“It is for lawyers to advise how, legally, the story of permitting the course of justice to be perverted – which is what has happened here – should be pursued. But Fujitsu also has a commercial relationship with this and other governments, which presumably it wants to maintain. It has a good reputation, but the Horizon scandal is steadily eroding that reputation to an extent which must worry Fujitsu’s senior management. Addressing this matter will be an essential part of its corporate responsibility.”

Labour MP Karl Turner said: “It seems that the government is still procuring Fujitsu services. This shouldn’t be unless they cough up for their part in the destruction of the lives of innocent people.”

According to figures from Tussell, Fujitsu has been awarded £3.1bn worth of contracts with the UK public sector since 2013, while subpostmasters suffered unimaginable hardship triggered by IT faults the supplier hid from them. The contracts include two with the Post Office, worth a total of £440m. Meanwhile, the suicides of four former subpostmasters have been linked to the scandal.

Turner added: “I have always argued that the government should be looking to pursue Fujitsu for monies it will have to pay in compensation to the victims of the Horizon scandal. I do not think that Fujitsu should be walking away from this.”

Alan Bates, a former subpostmaster who lost his business in 2003 after being blamed for unexplained accounting shortfalls and later set up the Justice for Subpostmasters Alliance, said it was high time that all victims were compensated.

“Regardless of where the money comes from, subpostmasters need to be recompensed for what they lost,” he said. “It is up to the government and the Post Office to negotiate with Fujitsu.”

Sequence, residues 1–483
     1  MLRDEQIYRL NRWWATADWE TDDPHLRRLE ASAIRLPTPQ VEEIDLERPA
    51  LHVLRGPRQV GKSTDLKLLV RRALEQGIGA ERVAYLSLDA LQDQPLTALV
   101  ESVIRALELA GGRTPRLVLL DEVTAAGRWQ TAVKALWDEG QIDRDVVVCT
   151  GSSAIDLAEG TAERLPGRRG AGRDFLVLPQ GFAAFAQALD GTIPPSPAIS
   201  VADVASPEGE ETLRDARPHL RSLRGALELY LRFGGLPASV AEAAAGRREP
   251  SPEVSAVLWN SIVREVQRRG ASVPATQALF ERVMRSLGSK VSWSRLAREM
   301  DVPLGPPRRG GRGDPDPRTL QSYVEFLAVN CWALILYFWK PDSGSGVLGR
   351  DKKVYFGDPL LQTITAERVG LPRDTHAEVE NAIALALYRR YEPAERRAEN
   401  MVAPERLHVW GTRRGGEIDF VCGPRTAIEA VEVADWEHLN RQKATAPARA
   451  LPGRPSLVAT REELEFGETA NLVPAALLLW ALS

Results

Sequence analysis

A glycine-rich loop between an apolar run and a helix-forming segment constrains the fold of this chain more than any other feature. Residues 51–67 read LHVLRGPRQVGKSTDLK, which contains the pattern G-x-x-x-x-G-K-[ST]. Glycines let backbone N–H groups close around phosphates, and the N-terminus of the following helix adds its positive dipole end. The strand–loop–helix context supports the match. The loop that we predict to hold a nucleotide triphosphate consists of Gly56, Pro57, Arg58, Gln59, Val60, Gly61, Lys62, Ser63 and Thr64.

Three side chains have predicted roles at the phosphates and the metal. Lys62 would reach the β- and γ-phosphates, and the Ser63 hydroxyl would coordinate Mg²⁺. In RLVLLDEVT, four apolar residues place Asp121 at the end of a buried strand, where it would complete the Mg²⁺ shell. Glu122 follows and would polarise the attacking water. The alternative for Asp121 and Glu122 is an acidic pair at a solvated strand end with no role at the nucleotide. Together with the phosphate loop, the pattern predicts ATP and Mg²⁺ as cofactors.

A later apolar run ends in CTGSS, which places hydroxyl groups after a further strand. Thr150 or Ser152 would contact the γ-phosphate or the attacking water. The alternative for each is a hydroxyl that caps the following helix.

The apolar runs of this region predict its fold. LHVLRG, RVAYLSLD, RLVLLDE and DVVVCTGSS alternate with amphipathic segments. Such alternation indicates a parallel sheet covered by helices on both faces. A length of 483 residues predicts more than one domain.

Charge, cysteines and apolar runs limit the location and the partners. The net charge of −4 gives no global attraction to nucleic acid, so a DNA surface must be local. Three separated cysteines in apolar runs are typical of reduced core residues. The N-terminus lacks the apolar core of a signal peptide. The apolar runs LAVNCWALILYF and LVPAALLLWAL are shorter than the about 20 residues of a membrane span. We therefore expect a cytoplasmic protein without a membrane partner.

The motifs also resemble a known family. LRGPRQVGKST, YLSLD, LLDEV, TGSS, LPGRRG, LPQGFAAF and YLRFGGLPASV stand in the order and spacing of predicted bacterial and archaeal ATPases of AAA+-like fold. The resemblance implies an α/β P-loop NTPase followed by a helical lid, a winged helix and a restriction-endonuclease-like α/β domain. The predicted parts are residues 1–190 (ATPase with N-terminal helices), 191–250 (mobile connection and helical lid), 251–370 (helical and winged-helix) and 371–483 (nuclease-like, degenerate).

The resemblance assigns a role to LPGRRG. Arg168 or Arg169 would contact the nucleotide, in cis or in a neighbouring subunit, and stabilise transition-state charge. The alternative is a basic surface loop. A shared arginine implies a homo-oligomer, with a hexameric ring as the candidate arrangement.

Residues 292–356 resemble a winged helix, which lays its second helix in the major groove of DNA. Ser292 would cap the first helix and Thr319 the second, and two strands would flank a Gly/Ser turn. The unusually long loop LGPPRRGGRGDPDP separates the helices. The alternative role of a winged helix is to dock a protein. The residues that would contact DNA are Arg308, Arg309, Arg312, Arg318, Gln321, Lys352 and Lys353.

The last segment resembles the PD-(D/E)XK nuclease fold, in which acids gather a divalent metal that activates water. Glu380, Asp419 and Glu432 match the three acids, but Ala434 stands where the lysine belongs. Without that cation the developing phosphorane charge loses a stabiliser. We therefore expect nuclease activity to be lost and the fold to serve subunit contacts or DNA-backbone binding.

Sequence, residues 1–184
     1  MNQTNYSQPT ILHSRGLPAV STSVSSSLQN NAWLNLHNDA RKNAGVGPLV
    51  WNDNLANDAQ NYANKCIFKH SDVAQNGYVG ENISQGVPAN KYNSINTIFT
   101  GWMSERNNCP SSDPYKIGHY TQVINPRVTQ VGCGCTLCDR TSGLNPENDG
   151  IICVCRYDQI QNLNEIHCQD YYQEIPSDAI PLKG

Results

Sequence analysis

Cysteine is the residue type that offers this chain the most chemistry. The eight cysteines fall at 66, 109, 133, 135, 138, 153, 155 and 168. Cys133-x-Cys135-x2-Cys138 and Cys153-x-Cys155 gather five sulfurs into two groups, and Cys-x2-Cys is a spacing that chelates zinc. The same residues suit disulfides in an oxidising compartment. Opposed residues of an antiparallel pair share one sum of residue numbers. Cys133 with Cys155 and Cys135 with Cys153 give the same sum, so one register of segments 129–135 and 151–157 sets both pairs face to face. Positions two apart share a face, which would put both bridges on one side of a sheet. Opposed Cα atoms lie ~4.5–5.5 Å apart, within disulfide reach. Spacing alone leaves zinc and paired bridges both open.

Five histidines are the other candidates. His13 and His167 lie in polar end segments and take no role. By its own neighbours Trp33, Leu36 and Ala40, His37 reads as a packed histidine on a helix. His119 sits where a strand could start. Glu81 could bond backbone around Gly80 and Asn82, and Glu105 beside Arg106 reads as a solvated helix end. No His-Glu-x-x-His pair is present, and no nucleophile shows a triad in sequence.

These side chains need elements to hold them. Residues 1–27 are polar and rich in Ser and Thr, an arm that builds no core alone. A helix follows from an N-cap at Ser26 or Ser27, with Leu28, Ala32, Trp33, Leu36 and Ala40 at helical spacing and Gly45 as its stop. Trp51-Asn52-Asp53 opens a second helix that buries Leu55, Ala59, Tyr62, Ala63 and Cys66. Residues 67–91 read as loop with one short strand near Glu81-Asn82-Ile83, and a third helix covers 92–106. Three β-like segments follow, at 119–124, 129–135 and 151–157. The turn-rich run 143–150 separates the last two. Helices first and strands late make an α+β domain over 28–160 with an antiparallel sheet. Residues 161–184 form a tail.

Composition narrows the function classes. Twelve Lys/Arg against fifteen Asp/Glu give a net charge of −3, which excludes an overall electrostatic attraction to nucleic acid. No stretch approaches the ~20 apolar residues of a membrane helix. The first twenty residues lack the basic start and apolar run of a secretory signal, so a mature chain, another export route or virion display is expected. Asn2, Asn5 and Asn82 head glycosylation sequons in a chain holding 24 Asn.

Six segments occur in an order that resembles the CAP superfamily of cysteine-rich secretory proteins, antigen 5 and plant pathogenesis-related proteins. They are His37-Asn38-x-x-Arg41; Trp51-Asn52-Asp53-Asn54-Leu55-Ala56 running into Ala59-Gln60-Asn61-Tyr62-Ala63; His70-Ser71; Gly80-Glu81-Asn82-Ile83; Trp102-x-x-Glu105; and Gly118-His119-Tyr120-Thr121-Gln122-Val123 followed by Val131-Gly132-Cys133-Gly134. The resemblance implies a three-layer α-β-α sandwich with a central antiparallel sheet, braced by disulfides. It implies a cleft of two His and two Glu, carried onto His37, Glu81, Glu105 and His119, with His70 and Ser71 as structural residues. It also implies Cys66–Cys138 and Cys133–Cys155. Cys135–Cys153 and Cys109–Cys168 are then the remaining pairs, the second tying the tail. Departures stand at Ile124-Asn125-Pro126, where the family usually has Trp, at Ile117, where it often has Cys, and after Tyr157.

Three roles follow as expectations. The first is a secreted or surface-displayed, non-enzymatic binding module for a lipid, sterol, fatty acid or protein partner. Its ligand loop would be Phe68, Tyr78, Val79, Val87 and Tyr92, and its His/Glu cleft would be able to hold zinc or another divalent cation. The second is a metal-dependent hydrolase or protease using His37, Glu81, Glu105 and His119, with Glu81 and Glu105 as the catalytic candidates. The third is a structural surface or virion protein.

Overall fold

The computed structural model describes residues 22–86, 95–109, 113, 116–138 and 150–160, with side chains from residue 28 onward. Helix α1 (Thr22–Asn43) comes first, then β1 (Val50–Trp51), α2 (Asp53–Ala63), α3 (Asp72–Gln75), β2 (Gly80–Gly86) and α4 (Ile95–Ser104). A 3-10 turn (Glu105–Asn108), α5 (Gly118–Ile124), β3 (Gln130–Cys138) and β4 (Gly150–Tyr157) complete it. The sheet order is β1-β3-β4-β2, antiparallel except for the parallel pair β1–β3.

Former subpostmaster and Horizon scandal victim Jo Hamilton was the lead claimant in a group of 39 former subpostmasters who had wrongful criminal convictions overturned in the Court of Appeal in April last year.

She said: “Fujitsu is the elephant in the room. They clearly knew what was going on and are culpable. For their role in this dreadful scandal, which has literally ruined thousands of lives, they should be made to contribute to the compensation.”

Computer Weekly asked Fujitsu if it was prepared to contribute to the bill to compensate subpostmaster victims of the Horizon scandal and whether it accepts some responsibility for what happened. It refused to comment.

Nine times out of 10, an IT supplier would be sued by its customers if system faults caused financial and reputational damage for customers, but despite its software being central to one of the biggest miscarriages of justice in UK history, Fujitsu has so far escaped such action.

Speaking to Computer Weekly in November, James Hartley, a partner at solicitors Freeths who managed a High Court group litigation in 2018/19 that saw subpostmasters sue the Post Office to prove Fujitsu’s system was faulty, said the supplier “has been very lucky”.

“Because the Post Office were themselves massively to blame, Fujitsu got away with it,” said Hartley. “It could have been very different. What would normally happen is victims would sue the Post Office and the Post Office would have sued its IT supplier, in this case Fujitsu, for developing a defective system. But this hasn’t happened.

“I believe the reason is partly because it knows that its management has caused a lot of this trouble and there is every chance that if it brought a claim against Fujitsu, the court would see this as the Post Office wrongly trying to pass the blame.”

Timeline of the Post Office Horizon case since Computer Weekly first reported on it in 2009